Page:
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Books: Bearing witness

September 11: War and remembrance

September 11: War and remembrance

To pursue the path of healing for our nation, we need to remember what we have endured," said Archbishop Desmond Tutu in 1998. Tutu was talking about South Africa's need to confront the legacy of apartheid, but his words hold meaning for the U.S. as it approaches the first anniversary of September 11.

Heroism defined that day. Scenes of simple human virtues -- courage, selflessness -- eclipsed the images of success and wealth that had dominated the American imagination for years. The greatness of everyday heroes eased America's sense of helplessness as it tried to grapple with the unimaginable.

Americans have traveled a long way in a short time. Until September 11 the country's heroes were still powerful CEOs and young, rich entrepreneurs (the technology stock rout notwithstanding). After 9/11 a different breed of hero emerged: men like Richard Rescorla, the chief of security at Morgan Stanley, who sang Cornish folk songs to the firm's employees as he evacuated them (disregarding the ill-advised instructions of the Port Authority to stay put) and died making sure everyone was out; heroes like the 343 firefighters who perished, as then­New York mayor Rudolph Giuliani has said, running into the flames when everyone else was running out; heroes like the passengers on United Flight 93.

Evoking the awfulness of that day, as well as the awe-inspiring acts of so many, some 150 books will make their way to stores this fall. Reading them will be difficult; confronting a loss of innocence is always a painful process. Some of the books will recall the chaos and terror; others will focus on the historical forces that made 9/11 possible. In the American spirit many will celebrate the heroes.

Out of the Blue: The Story of September 11, 2001, from Jihad to Ground Zero, by New York Times book critic Richard Bernstein and the staff of the Times, is an eloquent, almost magisterial narrative of the day. Bernstein elicits the pathos of the random deaths; he recounts the history of Al Qaeda in Afghanistan and explores the political debate about how best to confront terrorism in America.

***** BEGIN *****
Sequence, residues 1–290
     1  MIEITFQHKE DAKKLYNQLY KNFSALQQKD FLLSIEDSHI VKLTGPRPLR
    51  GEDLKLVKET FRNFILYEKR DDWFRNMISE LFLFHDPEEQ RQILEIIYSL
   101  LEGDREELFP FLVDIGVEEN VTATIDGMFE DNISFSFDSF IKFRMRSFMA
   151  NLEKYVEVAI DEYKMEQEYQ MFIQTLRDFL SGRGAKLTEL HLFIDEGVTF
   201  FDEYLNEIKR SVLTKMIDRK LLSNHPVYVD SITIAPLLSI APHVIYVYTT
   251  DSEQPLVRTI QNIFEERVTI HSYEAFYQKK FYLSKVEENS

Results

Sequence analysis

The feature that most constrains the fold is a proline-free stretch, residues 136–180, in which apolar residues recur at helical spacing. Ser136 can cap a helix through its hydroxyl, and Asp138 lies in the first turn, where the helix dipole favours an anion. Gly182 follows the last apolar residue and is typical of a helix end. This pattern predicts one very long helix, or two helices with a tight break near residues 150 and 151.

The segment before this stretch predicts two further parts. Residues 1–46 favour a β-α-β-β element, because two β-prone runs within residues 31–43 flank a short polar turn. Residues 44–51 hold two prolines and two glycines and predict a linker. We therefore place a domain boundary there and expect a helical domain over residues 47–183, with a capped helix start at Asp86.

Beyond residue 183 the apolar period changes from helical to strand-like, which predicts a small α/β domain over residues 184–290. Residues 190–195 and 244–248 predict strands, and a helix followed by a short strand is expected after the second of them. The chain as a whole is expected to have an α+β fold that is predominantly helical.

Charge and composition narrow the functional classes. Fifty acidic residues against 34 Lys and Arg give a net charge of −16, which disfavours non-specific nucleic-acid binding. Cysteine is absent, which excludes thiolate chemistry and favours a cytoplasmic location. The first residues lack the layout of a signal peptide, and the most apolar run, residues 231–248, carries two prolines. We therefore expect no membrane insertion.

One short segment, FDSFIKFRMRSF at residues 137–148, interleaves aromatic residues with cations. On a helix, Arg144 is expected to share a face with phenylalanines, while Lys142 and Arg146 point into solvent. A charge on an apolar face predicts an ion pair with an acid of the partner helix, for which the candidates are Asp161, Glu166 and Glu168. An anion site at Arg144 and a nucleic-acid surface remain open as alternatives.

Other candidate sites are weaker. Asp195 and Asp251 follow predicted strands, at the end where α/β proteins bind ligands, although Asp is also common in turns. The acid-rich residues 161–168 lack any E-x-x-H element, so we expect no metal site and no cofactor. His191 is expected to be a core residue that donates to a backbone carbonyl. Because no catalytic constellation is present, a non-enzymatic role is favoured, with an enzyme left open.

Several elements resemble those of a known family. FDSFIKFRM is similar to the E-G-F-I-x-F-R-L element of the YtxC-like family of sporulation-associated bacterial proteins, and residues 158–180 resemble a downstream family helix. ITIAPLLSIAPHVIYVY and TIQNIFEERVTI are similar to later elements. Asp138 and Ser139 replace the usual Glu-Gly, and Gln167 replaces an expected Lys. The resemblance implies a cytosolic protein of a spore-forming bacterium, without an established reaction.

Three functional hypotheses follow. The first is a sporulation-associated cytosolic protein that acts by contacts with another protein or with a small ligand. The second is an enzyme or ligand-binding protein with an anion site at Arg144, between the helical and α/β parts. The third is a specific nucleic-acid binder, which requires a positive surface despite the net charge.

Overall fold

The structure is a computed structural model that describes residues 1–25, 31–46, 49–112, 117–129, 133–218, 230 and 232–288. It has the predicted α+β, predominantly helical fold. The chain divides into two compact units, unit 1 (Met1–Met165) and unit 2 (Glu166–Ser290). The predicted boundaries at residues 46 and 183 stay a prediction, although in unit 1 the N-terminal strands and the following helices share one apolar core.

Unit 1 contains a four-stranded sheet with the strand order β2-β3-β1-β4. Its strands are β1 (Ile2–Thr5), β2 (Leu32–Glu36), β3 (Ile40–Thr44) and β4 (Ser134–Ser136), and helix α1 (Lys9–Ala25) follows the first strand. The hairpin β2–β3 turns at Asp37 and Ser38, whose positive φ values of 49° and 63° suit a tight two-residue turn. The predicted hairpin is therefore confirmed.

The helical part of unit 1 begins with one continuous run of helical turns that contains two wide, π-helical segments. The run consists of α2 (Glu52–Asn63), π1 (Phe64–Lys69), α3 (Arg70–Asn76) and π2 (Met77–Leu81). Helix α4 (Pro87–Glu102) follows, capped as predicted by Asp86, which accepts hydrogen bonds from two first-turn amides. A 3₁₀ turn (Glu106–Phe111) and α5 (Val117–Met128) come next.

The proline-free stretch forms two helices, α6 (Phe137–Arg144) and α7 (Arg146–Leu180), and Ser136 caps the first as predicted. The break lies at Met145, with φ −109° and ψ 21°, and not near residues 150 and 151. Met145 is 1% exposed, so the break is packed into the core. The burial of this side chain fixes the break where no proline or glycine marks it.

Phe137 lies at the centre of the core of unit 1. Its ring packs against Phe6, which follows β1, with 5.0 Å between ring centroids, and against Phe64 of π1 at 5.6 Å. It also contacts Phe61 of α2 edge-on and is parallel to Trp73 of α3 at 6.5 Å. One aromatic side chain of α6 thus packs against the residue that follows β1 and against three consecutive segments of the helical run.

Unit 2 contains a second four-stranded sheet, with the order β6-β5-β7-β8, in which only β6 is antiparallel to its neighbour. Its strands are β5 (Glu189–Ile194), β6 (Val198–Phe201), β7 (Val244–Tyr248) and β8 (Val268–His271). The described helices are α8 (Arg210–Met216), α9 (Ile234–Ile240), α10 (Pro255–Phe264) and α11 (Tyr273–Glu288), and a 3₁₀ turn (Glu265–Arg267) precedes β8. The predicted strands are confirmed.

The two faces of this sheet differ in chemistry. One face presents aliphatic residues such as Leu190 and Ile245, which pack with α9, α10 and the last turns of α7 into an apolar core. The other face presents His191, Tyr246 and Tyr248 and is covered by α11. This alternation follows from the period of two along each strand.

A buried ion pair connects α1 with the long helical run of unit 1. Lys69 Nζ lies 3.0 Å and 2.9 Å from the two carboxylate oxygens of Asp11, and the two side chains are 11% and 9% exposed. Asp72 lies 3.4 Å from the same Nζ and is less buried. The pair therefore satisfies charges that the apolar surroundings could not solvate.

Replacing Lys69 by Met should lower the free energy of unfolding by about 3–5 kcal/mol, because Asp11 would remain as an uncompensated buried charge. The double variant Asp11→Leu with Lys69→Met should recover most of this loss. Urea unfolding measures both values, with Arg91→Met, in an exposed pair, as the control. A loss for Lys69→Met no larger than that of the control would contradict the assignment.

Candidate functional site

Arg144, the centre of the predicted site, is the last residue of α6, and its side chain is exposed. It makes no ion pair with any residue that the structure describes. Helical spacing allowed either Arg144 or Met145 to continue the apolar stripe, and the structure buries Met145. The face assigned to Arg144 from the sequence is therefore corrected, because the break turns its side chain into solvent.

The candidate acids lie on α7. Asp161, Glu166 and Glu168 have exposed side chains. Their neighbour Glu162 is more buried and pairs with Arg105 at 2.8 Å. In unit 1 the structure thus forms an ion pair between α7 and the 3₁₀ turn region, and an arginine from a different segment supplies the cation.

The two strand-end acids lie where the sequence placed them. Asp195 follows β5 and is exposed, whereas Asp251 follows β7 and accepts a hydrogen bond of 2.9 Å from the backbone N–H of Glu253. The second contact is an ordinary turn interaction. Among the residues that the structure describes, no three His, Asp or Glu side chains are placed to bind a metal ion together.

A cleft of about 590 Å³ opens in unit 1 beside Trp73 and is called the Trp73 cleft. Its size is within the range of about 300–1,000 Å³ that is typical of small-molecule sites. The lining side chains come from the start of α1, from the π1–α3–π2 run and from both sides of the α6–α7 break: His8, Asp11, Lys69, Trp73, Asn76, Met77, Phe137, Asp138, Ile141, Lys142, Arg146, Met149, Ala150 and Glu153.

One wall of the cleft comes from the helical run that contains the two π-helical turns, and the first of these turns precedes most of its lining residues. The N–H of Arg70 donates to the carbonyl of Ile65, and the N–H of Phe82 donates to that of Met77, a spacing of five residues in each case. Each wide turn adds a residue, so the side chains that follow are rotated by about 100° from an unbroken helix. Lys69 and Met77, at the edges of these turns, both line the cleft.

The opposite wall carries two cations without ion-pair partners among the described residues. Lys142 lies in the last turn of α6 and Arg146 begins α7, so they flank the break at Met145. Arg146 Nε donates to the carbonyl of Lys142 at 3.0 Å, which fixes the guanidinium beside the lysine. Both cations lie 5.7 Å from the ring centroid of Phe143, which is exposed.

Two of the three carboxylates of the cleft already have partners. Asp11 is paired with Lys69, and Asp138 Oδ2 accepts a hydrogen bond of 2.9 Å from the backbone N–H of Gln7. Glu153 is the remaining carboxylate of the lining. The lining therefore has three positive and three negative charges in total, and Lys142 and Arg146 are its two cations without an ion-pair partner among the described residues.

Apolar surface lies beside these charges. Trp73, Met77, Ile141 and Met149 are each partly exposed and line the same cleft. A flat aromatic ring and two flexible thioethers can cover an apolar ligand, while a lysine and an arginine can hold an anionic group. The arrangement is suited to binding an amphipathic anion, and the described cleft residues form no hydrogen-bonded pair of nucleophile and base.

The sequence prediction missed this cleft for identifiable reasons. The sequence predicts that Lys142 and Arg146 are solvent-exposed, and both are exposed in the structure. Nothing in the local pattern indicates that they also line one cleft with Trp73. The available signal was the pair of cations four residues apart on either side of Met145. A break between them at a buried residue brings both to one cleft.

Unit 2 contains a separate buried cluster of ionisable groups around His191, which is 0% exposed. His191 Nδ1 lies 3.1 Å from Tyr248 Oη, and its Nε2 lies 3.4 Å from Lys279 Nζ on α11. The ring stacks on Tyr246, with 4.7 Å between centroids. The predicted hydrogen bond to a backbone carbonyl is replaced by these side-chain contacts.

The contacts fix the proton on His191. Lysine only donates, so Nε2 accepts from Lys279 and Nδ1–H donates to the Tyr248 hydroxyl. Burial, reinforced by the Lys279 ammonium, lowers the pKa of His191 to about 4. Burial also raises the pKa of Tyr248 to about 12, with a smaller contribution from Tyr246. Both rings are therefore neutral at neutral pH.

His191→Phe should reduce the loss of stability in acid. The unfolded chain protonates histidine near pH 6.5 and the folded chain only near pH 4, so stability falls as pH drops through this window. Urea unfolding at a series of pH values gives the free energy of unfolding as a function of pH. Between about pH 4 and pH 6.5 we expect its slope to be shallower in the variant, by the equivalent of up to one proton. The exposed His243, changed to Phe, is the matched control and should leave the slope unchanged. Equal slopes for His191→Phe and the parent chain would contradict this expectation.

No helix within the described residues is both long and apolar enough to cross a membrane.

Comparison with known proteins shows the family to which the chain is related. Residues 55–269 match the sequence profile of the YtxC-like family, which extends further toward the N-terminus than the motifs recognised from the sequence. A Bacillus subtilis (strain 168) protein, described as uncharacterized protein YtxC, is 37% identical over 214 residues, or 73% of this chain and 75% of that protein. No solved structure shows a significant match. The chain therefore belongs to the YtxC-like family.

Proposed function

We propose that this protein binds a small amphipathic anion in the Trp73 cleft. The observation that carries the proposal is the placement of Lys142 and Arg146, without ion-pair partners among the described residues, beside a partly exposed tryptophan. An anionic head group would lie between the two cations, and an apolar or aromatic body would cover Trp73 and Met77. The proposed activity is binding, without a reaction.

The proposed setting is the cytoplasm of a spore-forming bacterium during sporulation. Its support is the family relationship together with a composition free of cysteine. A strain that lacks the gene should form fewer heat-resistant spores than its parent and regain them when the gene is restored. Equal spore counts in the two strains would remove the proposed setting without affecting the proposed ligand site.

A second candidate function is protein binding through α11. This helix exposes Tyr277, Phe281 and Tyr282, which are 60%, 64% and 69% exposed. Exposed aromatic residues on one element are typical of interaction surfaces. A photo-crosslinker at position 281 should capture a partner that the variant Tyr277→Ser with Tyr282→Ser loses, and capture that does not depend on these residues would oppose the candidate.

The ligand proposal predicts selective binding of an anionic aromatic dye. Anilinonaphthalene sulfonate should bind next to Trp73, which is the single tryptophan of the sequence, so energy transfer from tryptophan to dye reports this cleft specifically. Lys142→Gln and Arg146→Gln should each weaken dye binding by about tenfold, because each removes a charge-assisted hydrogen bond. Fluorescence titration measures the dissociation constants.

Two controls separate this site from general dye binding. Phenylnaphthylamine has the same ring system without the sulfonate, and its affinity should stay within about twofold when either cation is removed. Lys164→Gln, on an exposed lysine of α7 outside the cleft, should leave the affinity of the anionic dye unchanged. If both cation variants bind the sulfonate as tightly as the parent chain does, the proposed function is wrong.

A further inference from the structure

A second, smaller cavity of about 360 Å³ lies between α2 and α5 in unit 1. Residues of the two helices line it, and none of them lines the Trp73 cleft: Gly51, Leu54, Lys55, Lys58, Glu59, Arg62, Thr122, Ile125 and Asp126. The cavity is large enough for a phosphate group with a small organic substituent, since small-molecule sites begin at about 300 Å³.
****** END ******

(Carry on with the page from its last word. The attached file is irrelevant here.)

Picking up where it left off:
"It had been history's most devastating kamikaze attack," Bernstein writes. "Unlike Antietam, it had been completely unexpected. People one instant had been drinking coffee from a paper cup and reading their e-mail, and the next instant they were dead or dying."

Bernstein and the staff of the Times seek to make sense of 9/11 through a variety of perspectives -- personal, historical, political. By contrast, former Wall Street Journal reporter James Stewart tries to make sense of the tragedy by capturing the essence of an everyday hero. Stewart's Heart of a Soldier: A
Story of Love, Heroism, and September 11th
is an exceptional achievement. The author's patient, thorough reporting and novelist's grace produce a moving tale of an ordinary man -- Morgan Stanley's Rescorla -- who acted throughout his life in extraordinary ways.

A decorated Vietnam War hero, he was a writer, dancer and singer. While battling prostate cancer, he fell in love with Susan Greer, who became his second wife. On September 11 he refused to leave the South Tower until all Morgan Stanley employees were out; as they left the building, he urged them to be "proud to be an American."

The depth of Stewart's book is mirrored in different ways in Terry Golway's extensively researched history of the New York City Fire Department, So Others Might Live: A History of New York's Bravest: The FDNY from 1700 to the Present. The son, son-in-law and godson of retired New York firefighters, Golway makes clear that for these men September 11 was a shock but not an aberration: They confronted the specter of death every day of their working lives. "Firefighters lived in a world consumed with fame but were content to live obscure lives in unfashionable neighborhoods," writes Golway, a columnist at the New York Observer. "They were surrounded by a culture of irony and self-indulgence, but they were prepared to risk injury and death to save a stranger."

Personal testimonies can speak with a powerful voice. In September 11: An Oral History, by New York Times reporter Dean Murphy, the panic and horror of Ground Zero is conveyed by the men and women who were there. But the words that linger are Murphy's own, written in the Times a few days after 9/11: "To be in Manhattan last week was to know the aching at the center of your being. It was a week of solemn solidarity and of frightening loneliness, of yearning to carry on and of not having the power to do so."

Heart of a Soldier: A Story of Love, Heroism, and September 11thBy James B. Stewart (Simon & Schuster,New York; 307 pages; $24)

Out of the Blue: The Story of September 11, 2001, from Jihad to Ground ZeroBy Richard Bernstein and the staff of
the New York Times (Times Books, New York; 320 pages; $25)

September 11: An Oral HistoryBy Dean E. Murphy
(Doubleday, New York; 272 pages; $22.95)

So Others Might Live: A History of New York's Bravest: The FDNY from 1700 to the PresentBy Terry Golway
(Basic Books, New York; 336 pages; $27.50)